Growing levels of conflict and climate change, as well as a lack of food and energy security in sub-Saharan countries, including the Democratic Republic of the Congo and the Central African Republic, mean that 30% of countries in sub-Saharan Africa face a high risk of “external shocks” to their growth, according to a report from risk analytics firm Maplecroft.
Sub-Saharan Africa is one of the world’s fastest growing regions, but this growth is fragile at best. Some countries in the region continue to experience high levels of domestic instability and there is a high risk of conflict spilling over into neighbouring countries. This has led to a deterioration in the operating environment of sub-Saharan Africa, making it one of the riskiest investment destinations globally, according to Maplecroft’s report, Global Risks and Resilience Atlas.
Maplecroft points to Kenya, which was historically seen as east Africa’s safest business location. But last September, Somalia-based militant group al-Shabab perpetrated one of Kenya’s worst terrorist attacks on the Westgate shopping mall, in what was considered to be the spill-over of political violence from South Sudan, Somalia and Sudan.
Mali’s political crisis in 2012 following a coup d’état saw its risk rating increase steeply from 57th to 13th place last year. And Guinea, Eritrea, Madagascar and Mozambique also experienced significant deteriorations in their business environments.
Maplecroft’s report, which analyses the exposure and resilience of 179 countries to 36 different risk scenarios, reveals that the security profile of the sub-Saharan Africa region as a whole has deteriorated. And ongoing conflict in Syria, coupled with sectarian tensions in Lebanon, means the Middle East and north Africa (MENA) region has also been downgraded from a medium-risk to a high-risk region.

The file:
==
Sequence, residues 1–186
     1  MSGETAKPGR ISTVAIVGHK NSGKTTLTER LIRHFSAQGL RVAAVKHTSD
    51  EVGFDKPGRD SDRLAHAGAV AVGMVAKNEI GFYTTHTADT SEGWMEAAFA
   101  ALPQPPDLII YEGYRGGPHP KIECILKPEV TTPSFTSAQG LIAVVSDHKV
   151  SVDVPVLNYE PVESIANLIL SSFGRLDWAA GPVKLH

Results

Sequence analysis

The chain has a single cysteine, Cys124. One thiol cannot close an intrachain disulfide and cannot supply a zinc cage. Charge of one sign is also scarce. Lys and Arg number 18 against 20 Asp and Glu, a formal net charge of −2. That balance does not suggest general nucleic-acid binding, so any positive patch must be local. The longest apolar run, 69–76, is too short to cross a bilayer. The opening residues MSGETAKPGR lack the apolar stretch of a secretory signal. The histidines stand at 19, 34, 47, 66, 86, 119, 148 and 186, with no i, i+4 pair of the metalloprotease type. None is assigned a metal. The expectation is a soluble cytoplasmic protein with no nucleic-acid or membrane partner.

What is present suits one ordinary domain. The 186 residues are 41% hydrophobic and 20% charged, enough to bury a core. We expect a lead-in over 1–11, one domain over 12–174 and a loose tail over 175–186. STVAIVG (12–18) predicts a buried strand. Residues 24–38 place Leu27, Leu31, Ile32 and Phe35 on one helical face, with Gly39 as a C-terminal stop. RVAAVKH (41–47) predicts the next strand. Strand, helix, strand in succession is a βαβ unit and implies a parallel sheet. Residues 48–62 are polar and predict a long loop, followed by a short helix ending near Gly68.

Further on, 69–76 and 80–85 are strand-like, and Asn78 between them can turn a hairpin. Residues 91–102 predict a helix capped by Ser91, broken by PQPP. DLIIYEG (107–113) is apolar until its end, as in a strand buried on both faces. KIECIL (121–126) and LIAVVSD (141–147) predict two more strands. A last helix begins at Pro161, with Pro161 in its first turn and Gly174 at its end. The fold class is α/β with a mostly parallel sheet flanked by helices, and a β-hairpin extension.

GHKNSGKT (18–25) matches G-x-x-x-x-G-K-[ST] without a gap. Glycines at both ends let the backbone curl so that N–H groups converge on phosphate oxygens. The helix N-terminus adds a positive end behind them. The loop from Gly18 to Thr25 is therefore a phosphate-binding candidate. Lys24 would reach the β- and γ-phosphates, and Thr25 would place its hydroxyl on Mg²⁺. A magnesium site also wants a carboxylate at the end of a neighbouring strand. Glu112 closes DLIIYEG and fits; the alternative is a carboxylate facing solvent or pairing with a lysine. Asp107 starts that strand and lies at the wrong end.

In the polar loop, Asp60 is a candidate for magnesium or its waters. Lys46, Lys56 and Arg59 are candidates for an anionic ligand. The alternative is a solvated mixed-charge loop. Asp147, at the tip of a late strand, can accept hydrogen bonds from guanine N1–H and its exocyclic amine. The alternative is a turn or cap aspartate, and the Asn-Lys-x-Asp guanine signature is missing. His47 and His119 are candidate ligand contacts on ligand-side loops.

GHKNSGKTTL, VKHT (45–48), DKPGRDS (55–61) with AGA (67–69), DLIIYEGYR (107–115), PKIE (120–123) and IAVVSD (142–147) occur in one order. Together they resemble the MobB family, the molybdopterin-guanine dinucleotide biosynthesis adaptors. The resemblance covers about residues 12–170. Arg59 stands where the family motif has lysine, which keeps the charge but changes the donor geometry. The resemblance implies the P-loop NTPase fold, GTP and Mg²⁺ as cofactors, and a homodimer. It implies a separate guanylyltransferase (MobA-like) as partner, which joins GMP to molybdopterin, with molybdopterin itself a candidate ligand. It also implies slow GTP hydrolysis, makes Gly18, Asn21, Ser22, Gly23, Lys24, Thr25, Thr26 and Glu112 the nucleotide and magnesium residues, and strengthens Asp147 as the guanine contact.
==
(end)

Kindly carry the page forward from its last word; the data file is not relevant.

Outside Africa, Maplecroft ranks Syria as the world’s riskiest country. Syria is enduring a protracted civil war that has destroyed the country’s health infrastructure and led to its first polio outbreak in 14 years. Continued internal displacement means neighbouring countries such as Lebanon, Turkey and Jordan are at high risk of experiencing an outbreak of infectious diseases across borders.
In Lebanon, increased sectarian tensions and crossborder incursions have seen the country’s risk profile deteriorate from 36th to 23rd place in Maplecroft’s report. Governance failures in Egypt and Libya mean the MENA region as a whole faces a high risk of political instability.
Meanwhile, political turmoil in Venezuela has caused Maplecroft to downgrade the country’s risk profile from medium to high. Protests against President Nicolás Maduro following the death of the former President Hugo Chávez in 2013 have led to political uncertainty and high crime rates, leaving the operating environment highly volatile.